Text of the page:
Beloved Brothers and Sisters in Christ,
As I begin to realize the transitions that lie ahead of me, I also remember that the month of August is always a month of transitions: summer travel and vacations are coming to an end, students are returning to school, and our work and the organizations in which we are involved are taking up their routine, more active schedules, rush hour traffic is becoming heavier, etc. This is true of parish life as well. In a sense, of course, parish life never changes. Month in and month out, we continually observe our regular cycle of life and worship. However, as we enter the month of August, we do so with the sense that parish programs are about to restart, the attendance at the Divine Services is about to return to the normal level of attendance, and the calendar will once again be filled with various types of parish activities. And it is appropriate that we look to returning to the regular rhythm and routine of our community life in the month in which we celebrate some significant feasts.
We begin the month of August by observing the Dormition Fast, the two-week period (August 1-15) leading up to the celebration of the Dormition of the Theotokos on August 15th. This fast offers us the opportunity for a spiritual focus as we prepare to honor the Holy Theotokos who, at the end of her earthly life, entered the glories of the Kingdom which was proclaimed by her Divine Son. We ask her continued intercession and protection as we prayerfully prepare for her special feast.
About halfway into the Dormition Fast we celebrate the Great Feast of the Lord’s Transfiguration. In this feast we proclaim the Gospel which relates the story of the Lord being transfigured, revealing His glory, on Mount Tabor in the presence of the Holy Apostles Peter, James, and John. This year, August 6 falls on a Saturday, allowing even those who might not be able to participate in a weekday Divine Liturgy to share in the spiritual blessings which this special feast of the Lord brings. On the feast of the Transfiguration the Church blesses the first-fruits of the harvest both as a giving back to the Lord what is His and has come from Him (1 Chronicles 29:14) and as a celebration of the promise of the final transfiguration of all creation in Christ.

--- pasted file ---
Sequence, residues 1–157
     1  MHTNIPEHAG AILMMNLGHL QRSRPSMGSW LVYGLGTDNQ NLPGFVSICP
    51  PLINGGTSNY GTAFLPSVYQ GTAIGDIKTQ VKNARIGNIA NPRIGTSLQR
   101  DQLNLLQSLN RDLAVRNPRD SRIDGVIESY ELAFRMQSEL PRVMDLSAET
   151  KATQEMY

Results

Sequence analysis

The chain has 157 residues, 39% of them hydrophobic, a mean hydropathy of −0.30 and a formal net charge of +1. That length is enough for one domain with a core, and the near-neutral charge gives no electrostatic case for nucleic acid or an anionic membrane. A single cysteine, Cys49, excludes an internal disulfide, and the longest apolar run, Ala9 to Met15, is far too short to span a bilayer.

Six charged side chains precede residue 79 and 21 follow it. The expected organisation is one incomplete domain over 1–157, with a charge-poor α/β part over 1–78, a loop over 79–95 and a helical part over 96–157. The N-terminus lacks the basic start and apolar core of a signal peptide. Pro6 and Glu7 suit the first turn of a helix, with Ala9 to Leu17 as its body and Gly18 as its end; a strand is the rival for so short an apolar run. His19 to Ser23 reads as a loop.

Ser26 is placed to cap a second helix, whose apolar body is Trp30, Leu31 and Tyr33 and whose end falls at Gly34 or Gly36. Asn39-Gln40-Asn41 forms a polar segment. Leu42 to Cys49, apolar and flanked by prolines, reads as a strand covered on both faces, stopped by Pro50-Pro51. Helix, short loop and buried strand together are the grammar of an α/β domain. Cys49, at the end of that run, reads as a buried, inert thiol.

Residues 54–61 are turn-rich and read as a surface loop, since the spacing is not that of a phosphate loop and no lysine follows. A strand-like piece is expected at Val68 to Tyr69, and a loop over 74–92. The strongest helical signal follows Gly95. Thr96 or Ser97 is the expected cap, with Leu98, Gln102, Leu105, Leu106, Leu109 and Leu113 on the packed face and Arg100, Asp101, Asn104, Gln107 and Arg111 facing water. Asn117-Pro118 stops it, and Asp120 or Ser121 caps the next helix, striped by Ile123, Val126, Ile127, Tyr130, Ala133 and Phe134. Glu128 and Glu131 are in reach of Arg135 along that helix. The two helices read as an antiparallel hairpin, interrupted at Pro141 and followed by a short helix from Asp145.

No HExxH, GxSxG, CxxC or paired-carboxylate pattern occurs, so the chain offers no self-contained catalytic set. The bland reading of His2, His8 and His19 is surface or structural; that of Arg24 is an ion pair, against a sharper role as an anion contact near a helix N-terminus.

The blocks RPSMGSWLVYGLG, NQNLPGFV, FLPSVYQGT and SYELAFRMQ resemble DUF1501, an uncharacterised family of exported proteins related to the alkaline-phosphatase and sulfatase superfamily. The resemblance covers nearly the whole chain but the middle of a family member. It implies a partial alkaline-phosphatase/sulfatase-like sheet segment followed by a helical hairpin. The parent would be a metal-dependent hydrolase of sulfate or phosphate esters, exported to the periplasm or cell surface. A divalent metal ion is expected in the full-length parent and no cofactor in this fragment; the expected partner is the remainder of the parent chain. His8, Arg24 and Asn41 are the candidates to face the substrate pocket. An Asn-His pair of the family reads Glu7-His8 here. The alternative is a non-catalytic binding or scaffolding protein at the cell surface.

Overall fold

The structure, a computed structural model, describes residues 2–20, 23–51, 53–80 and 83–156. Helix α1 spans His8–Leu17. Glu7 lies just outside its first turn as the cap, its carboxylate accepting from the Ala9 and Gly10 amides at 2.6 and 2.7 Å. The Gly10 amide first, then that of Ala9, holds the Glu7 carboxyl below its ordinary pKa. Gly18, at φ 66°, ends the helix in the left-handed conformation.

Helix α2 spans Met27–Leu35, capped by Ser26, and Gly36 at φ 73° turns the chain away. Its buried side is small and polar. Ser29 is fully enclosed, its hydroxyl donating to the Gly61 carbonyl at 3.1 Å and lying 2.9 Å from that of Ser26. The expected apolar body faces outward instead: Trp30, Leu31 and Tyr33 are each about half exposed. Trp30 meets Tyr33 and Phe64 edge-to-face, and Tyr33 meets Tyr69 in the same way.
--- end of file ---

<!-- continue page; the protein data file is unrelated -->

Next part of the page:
On this feast, in Constantinople and throughout the Greek world grapes were placed on a table in the center of the temple and offered and blessed at the end of the Divine Liturgy and then partaken of by the faithful. In Russia, it became popular to bless apples on this feast. Over time this blessing was extended as other first-fruits were brought to be offered and blessed. The Trebnyk (Euchologion or Book of Needs) offers several different prayers, one of which is offered here:
Prayer for the Blessing of First-Fruits
O Lord God Jesus Christ, Thou who didst say to Thy disciples: "Whatever you ask in prayer, believe that you have received it, and it will be yours." We now humbly beseech Thee, bless + and sanctify these first-fruits which Thy faithful servants have brought into Thy temple today. Preserve the life and health of all those who partake of them, those who are present here and those who absent. Grant that these blessed first-fruits be an effective medicine for those who are sick and ailing, and a protection against the assaults of the enemy for those who keep them in their homes. May all those who partake of them enjoy the fullness of Thy goodness and blessing. For Thou, O Christ God, art our true nourishment and the Giver of all that is good, and we send up glory to Thee, together with Thy Father, Who is without beginning, and with Thine all-holy, good, and live-giving Spirit, now and ever, and to the ages of ages. Amen.
Also, each year on August 9th, we commemorate Saint Herman, or own “American saint,” who, although born in Russia, achieved holiness as he worked out his salvation in Russian Alaska. The first of the saints to be glorified in North America, Saint Herman’s life and example provides us with a deep insight into how we live our Orthodox faith as Christians in a multi-cultural society. May our commemoration of Saint Herman be a reminder of his intercession for the Church in this land as well as to reminder of the missionary efforts which brought the Orthodox Faith to North America. May we, as Orthodox Christians in America and heirs to this missionary legacy, continue to share the work of proclaiming the Gospel in this land.
With love in the Lord,
Saturday: Vespers, 5:00 pm
Sunday: Divine Liturgy, 9:00 am
1614 E. Monte Vista Rd.
Phoenix, Az 85006